Ground nesting birds always run a risk when breeding. There’s only so much a nightjar can achieve against a predator when its only ammunition is the ability to imitate a stick or make hissy noises with no real backup of force. Over the years we’ve seen evidence of inadvertent trampling by humans, Fallow Deer, Roe Deer, Wild Boar and grazing cattle, as well as predation by Wild Boar, corvids, rodents, Red Fox and others. Therefore it often doesn’t come as a surprise when, on approaching a nest, we discover it to be empty.
Last night was such an occasion. The first egg was laid on the 8th July and the second on the 9th, so the female should still have been incubating her two eggs, but the nest was empty. Closer inspection revealed one fragment on an egg shell and a unusually large amount of down feathers (it’s common to find one or two), and no evidence of a struggle or footprints/droppings from any mammals. I had a trail-camera covering the nest, looking down on it from a small rowan tree that would occasionally sway in the wind (evident in the video clips).
This time it wasn’t the usual case of nest predation. Here is what I found…
14th July 21:31 – female incubating the eggs. It’s around about the time that she’d be expecting the male to relieve her for a short period so that she can feed.
21:43 – the male arrives at the nest and a bit of courtship takes place before she leaves the nest to feed, leaving him to look after the eggs.
22:27 (and possibly earlier) – the female is back on the eggs.
The next few clips show her adjusting her position, tucking the eggs underneath her, all as expected.
23:23 – the first obvious sign that something isn’t right. As the bird turns, it looks as though at least one of the eggs is stuck to her.
23:26 – it’s now clear that both eggs are stuck to her.
15th July 02:23 – The female has spent all night frustrated by the stuck eggs and has made matters potentially worse in trying to remove them. Feathers are protruding, vegetation stuck to her, and wherever she goes so do the eggs, both of which are stuck fast to her feathers.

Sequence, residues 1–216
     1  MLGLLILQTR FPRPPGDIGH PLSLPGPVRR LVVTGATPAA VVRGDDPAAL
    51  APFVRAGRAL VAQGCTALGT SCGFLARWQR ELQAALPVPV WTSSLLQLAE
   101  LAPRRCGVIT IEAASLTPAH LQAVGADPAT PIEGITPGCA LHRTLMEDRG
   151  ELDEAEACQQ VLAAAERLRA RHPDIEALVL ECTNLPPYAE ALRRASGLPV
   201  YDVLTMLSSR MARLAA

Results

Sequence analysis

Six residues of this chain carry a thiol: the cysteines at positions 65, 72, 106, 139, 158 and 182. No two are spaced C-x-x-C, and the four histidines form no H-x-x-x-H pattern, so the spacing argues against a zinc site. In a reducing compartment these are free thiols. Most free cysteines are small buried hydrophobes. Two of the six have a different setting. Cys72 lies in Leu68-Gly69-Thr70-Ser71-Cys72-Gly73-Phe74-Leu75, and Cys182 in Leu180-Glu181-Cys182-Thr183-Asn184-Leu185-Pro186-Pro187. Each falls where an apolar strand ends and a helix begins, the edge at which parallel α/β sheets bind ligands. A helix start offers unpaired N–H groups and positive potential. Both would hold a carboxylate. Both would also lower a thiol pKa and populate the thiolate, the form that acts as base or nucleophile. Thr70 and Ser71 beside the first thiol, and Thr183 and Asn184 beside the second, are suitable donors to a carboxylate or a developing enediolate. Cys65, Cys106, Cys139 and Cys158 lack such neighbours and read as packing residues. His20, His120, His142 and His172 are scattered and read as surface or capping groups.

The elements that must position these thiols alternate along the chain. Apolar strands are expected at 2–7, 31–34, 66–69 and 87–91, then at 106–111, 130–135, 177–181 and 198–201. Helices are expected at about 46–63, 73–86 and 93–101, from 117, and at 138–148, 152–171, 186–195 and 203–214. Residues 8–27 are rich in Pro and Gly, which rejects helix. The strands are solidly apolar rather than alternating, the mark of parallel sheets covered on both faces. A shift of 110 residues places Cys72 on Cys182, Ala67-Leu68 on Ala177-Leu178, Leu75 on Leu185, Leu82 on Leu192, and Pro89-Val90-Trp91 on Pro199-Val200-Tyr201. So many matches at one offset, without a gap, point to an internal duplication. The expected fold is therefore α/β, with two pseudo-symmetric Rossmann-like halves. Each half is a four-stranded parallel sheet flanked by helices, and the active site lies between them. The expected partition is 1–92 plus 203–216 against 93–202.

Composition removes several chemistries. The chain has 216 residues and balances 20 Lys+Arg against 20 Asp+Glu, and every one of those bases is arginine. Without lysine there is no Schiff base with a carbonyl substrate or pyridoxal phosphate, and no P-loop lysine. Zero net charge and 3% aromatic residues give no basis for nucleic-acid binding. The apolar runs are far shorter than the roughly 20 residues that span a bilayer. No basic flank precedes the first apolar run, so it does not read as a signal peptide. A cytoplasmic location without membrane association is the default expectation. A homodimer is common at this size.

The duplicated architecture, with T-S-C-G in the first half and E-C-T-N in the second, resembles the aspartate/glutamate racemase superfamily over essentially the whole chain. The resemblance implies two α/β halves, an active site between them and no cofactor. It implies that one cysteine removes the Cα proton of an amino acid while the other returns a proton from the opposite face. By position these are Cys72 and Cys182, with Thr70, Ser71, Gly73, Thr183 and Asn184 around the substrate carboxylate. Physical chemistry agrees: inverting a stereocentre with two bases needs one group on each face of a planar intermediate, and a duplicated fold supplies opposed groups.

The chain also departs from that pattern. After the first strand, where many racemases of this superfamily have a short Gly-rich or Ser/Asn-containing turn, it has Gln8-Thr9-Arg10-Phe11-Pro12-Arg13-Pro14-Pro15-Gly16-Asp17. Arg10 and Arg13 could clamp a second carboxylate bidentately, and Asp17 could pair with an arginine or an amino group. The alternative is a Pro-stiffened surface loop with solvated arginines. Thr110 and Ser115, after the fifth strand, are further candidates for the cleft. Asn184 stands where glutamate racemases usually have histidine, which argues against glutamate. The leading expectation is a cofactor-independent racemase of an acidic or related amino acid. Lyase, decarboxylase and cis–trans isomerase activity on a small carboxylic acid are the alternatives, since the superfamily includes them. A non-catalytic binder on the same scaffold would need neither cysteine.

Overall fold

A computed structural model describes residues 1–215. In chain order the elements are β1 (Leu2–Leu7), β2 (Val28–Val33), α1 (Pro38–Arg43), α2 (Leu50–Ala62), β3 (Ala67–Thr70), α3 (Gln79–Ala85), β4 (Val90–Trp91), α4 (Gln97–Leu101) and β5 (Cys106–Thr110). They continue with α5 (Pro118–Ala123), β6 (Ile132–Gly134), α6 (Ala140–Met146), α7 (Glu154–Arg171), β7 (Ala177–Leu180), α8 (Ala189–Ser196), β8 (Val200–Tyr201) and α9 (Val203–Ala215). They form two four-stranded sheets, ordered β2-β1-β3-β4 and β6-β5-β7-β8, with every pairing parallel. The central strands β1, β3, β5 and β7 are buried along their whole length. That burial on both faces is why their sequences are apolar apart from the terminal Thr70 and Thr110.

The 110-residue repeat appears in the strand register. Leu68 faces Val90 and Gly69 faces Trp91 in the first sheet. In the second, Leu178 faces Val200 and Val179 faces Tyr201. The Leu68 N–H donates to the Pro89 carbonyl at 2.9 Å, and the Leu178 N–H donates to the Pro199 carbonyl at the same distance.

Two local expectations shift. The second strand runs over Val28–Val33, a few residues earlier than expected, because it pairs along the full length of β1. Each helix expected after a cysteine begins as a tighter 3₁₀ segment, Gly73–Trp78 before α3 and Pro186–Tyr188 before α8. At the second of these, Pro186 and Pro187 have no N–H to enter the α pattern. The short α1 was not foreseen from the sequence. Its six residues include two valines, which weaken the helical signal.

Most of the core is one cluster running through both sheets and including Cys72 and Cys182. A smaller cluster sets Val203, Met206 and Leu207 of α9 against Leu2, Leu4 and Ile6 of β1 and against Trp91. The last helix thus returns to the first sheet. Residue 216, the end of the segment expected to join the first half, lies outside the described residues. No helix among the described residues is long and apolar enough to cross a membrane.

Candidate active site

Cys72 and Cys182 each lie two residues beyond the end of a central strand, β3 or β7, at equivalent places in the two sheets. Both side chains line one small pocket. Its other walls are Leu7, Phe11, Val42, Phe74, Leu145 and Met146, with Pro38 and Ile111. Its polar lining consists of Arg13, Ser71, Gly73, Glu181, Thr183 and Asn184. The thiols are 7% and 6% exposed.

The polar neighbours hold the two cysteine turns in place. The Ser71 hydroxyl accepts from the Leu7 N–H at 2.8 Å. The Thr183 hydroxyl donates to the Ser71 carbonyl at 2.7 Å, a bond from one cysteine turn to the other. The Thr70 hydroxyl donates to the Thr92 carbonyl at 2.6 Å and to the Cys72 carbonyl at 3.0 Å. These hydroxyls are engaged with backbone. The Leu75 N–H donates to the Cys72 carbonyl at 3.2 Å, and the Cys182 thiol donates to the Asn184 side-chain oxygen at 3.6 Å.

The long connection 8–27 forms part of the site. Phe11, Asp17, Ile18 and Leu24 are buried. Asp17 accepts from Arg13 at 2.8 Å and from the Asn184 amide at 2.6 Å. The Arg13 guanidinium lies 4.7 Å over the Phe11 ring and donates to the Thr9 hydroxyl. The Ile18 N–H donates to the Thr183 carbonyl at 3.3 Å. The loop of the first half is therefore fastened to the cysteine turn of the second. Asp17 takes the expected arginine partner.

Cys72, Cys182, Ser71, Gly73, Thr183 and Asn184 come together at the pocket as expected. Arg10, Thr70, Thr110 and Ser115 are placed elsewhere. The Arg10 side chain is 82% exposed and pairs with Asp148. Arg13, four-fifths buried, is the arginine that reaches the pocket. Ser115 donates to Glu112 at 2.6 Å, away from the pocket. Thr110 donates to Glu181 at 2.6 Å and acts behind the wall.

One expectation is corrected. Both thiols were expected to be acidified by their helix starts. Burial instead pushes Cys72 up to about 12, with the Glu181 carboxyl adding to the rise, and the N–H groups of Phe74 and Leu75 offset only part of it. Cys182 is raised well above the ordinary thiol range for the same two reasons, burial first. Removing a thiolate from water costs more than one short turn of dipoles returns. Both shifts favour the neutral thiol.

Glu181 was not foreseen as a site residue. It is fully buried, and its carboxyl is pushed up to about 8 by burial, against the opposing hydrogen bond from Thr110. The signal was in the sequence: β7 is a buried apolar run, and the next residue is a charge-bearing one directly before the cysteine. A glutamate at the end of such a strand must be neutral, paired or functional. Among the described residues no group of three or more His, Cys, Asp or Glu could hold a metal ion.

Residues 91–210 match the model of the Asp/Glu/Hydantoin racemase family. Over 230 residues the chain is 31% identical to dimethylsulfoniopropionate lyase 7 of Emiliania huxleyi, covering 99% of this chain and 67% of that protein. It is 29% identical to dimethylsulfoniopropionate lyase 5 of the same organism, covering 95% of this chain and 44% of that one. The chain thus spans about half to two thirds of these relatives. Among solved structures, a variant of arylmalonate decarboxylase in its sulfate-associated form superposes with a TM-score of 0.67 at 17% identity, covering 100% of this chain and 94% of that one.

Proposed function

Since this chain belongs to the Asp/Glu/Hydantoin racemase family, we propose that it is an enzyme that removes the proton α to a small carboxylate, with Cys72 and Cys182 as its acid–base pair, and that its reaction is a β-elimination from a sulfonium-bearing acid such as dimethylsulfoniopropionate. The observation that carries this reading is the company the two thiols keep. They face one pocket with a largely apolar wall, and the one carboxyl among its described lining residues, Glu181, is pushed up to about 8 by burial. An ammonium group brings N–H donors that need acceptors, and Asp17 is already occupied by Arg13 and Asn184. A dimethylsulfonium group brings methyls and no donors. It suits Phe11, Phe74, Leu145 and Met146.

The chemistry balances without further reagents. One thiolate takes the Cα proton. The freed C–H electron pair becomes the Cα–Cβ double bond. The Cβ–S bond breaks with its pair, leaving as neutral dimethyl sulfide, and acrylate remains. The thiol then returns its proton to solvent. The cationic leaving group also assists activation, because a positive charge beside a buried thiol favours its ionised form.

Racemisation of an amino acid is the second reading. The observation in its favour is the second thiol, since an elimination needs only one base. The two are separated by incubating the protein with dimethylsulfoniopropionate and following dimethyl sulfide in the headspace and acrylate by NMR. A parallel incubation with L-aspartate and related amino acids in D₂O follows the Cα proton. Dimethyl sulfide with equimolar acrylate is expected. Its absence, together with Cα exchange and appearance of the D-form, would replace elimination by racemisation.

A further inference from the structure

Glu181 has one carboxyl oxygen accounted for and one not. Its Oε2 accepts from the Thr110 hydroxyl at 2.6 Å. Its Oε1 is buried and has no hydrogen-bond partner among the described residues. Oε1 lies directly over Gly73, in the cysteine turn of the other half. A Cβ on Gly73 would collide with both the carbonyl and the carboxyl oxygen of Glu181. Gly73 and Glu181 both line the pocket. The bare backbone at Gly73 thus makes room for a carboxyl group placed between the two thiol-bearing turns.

02:23 – Although the camera doesn’t capture the moment, the male has arrived to give her morning nest relief, and she has flown with the stuck eggs still attached to her. He now sits where the eggs should be and goes through the motions, even seeming to tuck the invisible eggs beneath him at times.
04:18 – The male has left and the female has returned. She had been gone much longer than a usual feeding foray and has clearly spent some time removing the eggs, as she has returned with only half an eggshell now attached to her.
The next day the female spent many hours removing fragments of shell that were still stuck in her feathers, as well as large amounts of down feathers.
16:58 was the last time she was seen at the nest. Neither she nor the male returned again.
The best explanation we can think of is that at least one of the eggs must have been slightly damaged, leaking its contents on to the bird, consequently gluing both the eggs to her. Although everything was late this season, I think it unlikely that they will try again this year. However, this is a female that is known to us, evident by the metal ring on her foot, and it’s highly likely that the male is also a familiar bird, so it’s reasonable to imagine that they’ll be back breeding somewhere nearby next year.
Further footage from this sequence of events can be viewed by selecting ‘nest AW’ from the main menu.